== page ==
I personally don’t believe there is a “writing gene,” a special brain synapse, something encoded in the DNA, or even a specialized form of intelligence. I think writing is both an art and a skill, and you learn both by: 1) reading the best material you can lay your hands upon, 2) practicing, practicing, practicing, and 3) getting useful instruction and advice.

Reading is how you feed the muse. Every time you read something of value, your brain absorbs the rhythms, the flow, the style. You’re teaching yourself how to write. No one is born understanding grammar or punctuation, much less mechanics and style. You get that by reading. You cannot write if you don’t read. It’s simply not possible.

Practice is essential. Writing is no different from anything else–the more you do, the better you’ll get at it. Kurt Vonnegut suggested that we all have about a million words of garbage we have to get out of our systems–then we start writing well. I think there’s some truth to this. Even if you don’t ultimately publish what you’ve written, you haven’t wasted your time. I spent about twenty years sending in stuff that was uniformly rejected, for a good reason–it wasn’t very good. Was I wasting my time? No. I was teaching myself how to write.

Good advice and instruction is essential. Yes, there are a few genius writers who did it all themselves, but there are far more who benefitted from a mentor, teacher, or writing program. Maxwell Perkins mentored most of the great writers of his era. Unfortunately, you’re not likely to find that level of mentoring at a large publishing house today–they’re too busy taking meetings. Find a program or person that has a track record of success and learn what you can. I’ve had far too many students come to my writing retreats after spending thousands of dollars on “book doctors” or “writing coaches” who gave them some of the worst advice I’ve heard in my life. Check the resume. If the person hasn’t published anything themselves, why would you imagine they can help you publish anything?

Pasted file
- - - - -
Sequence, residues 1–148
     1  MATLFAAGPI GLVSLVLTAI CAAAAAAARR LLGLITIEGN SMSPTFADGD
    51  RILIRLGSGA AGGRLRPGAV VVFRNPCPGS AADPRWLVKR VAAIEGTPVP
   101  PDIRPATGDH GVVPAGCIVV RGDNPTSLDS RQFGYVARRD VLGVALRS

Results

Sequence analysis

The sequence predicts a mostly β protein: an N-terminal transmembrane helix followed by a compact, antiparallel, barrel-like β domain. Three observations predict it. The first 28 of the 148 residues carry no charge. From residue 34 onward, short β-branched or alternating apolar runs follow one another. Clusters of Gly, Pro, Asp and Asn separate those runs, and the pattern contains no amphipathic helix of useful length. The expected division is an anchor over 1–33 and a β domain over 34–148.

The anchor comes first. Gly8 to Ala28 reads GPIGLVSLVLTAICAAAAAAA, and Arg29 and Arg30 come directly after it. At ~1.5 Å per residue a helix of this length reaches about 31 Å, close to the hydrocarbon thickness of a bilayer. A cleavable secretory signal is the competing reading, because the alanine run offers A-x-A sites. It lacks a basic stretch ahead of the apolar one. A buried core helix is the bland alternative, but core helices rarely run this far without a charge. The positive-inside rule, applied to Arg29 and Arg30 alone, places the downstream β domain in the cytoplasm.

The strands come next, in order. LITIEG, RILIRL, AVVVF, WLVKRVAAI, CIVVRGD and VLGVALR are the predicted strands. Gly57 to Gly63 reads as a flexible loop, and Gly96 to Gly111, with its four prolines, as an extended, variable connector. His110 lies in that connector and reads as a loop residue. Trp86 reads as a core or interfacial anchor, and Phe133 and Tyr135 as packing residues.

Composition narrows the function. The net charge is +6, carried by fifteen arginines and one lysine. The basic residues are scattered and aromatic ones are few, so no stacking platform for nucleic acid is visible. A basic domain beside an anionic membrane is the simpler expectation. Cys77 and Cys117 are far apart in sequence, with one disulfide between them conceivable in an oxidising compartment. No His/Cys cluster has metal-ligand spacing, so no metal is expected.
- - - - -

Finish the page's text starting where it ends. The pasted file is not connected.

I do think some people develop a love for books and stories at an early age, and that may be the greatest impetus to wanting to write yourself. But don’t despair if it doesn’t come easily. It never comes easily. Writing is hard and always will be. But it is so worthwhile when you do write something wonderful, when you hear that your work has made a difference in someone’s life. And you can make that happen. Just keep writing. And never quit.

By the way, Rose State has extended the early registration discount for our writers conference to August 26. Save yourself some money and give yourself the push toward publication you need. Join us for the Rose State Writers Conference, September 23-25, 2016.

Rose State Writers Conference Info and Registration 

The Ten Most Common Myths About Writing

I think I’ve written enough about the publishing world and not enough about writing in this blog lately, so I’m going to take a break and address the ten major myths, the cliches I hear spouted most frequently at conferences and workshops despite the fact that they are completely and demonstrably wrong. At least in my opinion. I’ll do the first five, take a break, then get back to the others later.

Today’s myth: Writers wait for inspiration to write.

It will probably come as no surprise to you that I think this is nonsense. If we all waited for inspiration to write, there would be a lot less writing, and probably nothing longer than a short story. In my experience, creativity flows when you’re writing. Often the best ideas come unexpectedly when you’re writing a scene and immersed in the characters and the situation. If you write every day, the ideas will come more frequently and purposefully. The smart writer will chase creativity by committing to a regular working schedule, rather than sitting around idly waiting for lightning bolts from heaven.